Both state and federal court systems here in Pennsylvania and across the nation have been hit hard by budget limitations caused by the poor economy. That doesn’t mean, unfortunately, that there are fewer disputes to be resolved -- only that the courts are jam-packed with cases. If there were no option but trial in those cases, the delays would be so long that there would essentially be no access to the courts, or justice.
Luckily, there are other options. Negotiated settlements presumably make up the majority of resolutions, but both mediation and arbitration have made great strides toward being considered effective, realistic methods of dispute resolution in civil disputes. In most cases, both mediation and arbitration are less expensive for parties than court litigation. People’s willingness to take part in alternative dispute resolution is a boon for the courts, as well, as it reserves only the most intractable disputes for judges and juries.
It looks like the trend toward alternative resolution of civil disputes will continue, at least in the case of mediation, according to a new study in the Iowa Law Review. An ADR professor from the UC Davis School of Law collected data from more than 400 people involved in litigation in Oregon, Utah and California, where state budget problems have cut more than $1 billion from the court system over the past six years.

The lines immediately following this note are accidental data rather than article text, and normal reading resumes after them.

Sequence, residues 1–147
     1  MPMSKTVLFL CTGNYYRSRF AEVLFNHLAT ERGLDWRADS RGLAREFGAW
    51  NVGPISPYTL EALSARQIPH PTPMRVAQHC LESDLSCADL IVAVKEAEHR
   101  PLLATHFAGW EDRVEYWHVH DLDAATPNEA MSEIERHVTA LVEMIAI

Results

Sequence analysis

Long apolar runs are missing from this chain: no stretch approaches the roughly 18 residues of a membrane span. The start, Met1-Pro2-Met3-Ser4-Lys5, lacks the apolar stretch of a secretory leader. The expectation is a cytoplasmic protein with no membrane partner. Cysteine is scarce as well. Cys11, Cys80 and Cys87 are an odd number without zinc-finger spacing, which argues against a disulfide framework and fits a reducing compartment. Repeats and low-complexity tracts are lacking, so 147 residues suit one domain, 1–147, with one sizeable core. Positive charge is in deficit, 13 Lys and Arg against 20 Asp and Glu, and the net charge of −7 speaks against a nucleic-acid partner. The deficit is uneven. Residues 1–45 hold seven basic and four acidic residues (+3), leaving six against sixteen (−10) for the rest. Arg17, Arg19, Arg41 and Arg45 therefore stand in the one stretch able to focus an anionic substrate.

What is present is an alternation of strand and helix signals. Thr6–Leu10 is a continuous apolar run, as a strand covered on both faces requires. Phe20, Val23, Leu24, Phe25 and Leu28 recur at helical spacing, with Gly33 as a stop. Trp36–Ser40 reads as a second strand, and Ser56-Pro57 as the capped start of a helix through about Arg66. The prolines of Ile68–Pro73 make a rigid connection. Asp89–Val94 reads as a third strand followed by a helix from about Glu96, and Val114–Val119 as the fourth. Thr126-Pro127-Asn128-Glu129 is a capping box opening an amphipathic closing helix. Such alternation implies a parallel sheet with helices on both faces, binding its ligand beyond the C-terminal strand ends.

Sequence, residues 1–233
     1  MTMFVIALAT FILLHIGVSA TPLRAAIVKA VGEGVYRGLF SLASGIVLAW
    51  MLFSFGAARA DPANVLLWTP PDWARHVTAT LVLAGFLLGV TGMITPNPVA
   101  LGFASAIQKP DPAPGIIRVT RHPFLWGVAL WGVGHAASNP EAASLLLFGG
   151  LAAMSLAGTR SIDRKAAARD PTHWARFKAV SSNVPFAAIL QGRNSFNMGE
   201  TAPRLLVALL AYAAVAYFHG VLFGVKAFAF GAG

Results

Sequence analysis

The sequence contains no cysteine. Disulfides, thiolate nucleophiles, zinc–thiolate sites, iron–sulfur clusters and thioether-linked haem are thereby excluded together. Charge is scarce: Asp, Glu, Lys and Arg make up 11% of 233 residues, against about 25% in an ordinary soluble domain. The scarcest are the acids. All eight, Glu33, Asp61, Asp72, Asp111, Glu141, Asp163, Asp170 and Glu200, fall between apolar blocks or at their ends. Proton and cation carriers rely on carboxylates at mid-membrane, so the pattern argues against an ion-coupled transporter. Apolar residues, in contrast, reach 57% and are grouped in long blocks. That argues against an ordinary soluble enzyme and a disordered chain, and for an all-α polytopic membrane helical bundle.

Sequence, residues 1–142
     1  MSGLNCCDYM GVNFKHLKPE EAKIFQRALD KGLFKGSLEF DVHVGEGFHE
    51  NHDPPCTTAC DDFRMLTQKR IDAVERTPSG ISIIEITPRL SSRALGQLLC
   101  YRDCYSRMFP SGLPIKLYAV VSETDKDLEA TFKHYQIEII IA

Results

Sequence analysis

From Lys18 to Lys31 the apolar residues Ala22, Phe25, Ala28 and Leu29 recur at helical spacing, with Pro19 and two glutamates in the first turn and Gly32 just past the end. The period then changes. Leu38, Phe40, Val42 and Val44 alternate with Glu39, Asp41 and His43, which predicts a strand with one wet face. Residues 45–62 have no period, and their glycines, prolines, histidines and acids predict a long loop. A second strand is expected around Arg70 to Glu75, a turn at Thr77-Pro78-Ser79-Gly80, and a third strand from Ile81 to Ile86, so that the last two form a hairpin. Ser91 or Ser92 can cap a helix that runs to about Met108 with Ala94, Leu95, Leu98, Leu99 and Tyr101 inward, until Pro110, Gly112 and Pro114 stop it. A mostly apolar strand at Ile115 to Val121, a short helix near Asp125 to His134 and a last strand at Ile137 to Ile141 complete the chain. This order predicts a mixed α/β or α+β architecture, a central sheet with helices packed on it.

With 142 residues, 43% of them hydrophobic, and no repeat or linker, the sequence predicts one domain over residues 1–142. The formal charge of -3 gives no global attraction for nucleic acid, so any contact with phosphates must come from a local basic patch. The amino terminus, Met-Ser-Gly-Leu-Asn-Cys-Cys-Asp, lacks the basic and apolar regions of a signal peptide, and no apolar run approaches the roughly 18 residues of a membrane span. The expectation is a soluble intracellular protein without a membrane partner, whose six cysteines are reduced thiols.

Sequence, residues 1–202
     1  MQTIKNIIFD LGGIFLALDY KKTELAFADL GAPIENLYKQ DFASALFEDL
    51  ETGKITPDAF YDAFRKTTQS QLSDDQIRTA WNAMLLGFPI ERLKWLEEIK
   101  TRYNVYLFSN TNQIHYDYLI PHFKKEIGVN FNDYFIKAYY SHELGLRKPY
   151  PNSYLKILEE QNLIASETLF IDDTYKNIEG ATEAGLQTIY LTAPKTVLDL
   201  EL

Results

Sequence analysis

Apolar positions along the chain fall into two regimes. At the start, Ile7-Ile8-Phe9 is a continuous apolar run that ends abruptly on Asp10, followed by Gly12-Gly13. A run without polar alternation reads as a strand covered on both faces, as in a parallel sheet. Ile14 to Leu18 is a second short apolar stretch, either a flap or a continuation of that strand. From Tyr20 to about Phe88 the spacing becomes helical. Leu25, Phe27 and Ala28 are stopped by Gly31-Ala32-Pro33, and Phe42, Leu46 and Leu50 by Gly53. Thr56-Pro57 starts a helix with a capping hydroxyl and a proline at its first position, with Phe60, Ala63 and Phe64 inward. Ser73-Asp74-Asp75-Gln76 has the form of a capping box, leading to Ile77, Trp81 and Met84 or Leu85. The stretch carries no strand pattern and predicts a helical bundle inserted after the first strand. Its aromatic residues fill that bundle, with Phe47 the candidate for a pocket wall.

In this first-ever multi-jurisdictional study of litigants’ perceptions about the various methods available to resolve civil disputes, the law professor sought to determine the relative attractiveness of each method, meaning negotiation, mediation, non-binding arbitration, binding arbitration, and trials before judges alone or with juries. The research sought to determine whether parties’ expressed preferences lined up with their actual choice of option, as well as how satisfied they were with that option and whether their satisfaction could be explained by known variables.
The data, collected shortly after each civil dispute was resolved, led to a reasonably clear list of which among the available methods the parties preferred most:
- Negotiation between attorneys with clients present
- Trial before a judge
- Negotiation between attorneys without clients present
- Trial before a jury
- Non-binding arbitration
- Binding arbitration
As businesses and individuals struggle to resolve their commercial, contract, employment, construction and other civil disputes cost-effectively, research like this can provide crucial information. It can also help lawmakers and courts use the available resources as effectively as possible.
Source: Sacramento Business Journal, “Study: People prefer mediation in civil cases,” Kathy Robertson, Jan. 22, 2014